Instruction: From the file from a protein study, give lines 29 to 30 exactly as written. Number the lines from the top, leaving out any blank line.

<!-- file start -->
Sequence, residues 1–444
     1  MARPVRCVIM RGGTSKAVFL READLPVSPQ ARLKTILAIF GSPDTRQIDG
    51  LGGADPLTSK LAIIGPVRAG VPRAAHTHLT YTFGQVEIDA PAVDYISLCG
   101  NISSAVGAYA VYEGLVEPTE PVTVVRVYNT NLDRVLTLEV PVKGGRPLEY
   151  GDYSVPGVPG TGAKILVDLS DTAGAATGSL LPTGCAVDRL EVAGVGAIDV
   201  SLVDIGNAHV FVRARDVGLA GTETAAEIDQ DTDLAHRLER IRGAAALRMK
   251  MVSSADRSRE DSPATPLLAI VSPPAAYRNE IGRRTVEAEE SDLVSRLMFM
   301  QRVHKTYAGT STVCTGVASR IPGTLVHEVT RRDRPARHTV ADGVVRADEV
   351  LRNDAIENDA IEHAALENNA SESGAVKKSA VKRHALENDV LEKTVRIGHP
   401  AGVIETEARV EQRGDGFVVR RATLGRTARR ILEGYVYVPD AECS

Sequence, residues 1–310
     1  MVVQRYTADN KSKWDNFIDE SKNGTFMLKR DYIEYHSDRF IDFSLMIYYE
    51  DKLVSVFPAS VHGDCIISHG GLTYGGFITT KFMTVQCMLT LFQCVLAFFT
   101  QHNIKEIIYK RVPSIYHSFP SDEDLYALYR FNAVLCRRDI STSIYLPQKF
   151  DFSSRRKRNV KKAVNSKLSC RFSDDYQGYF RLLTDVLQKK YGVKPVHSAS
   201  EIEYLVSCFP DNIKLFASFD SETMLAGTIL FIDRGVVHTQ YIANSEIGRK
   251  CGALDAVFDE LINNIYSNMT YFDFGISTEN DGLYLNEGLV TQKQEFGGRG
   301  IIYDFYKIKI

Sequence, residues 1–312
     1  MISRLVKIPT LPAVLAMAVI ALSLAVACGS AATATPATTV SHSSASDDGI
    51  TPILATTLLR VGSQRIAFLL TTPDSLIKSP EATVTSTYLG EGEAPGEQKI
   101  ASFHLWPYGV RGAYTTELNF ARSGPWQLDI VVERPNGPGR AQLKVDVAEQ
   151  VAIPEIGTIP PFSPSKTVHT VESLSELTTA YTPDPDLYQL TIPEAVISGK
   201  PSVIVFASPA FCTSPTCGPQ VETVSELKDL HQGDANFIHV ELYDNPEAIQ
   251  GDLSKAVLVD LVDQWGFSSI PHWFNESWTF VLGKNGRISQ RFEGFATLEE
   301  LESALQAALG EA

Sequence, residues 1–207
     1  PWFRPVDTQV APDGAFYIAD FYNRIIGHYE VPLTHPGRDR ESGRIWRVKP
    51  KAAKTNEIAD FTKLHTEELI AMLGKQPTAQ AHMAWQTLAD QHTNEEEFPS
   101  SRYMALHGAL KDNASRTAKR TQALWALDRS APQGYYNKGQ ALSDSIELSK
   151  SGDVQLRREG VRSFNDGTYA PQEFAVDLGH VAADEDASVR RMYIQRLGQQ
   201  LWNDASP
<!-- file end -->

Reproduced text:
    51  KAAKTNEIAD FTKLHTEELI AMLGKQPTAQ AHMAWQTLAD QHTNEEEFPS
   101  SRYMALHGAL KDNASRTAKR TQALWALDRS APQGYYNKGQ ALSDSIELSK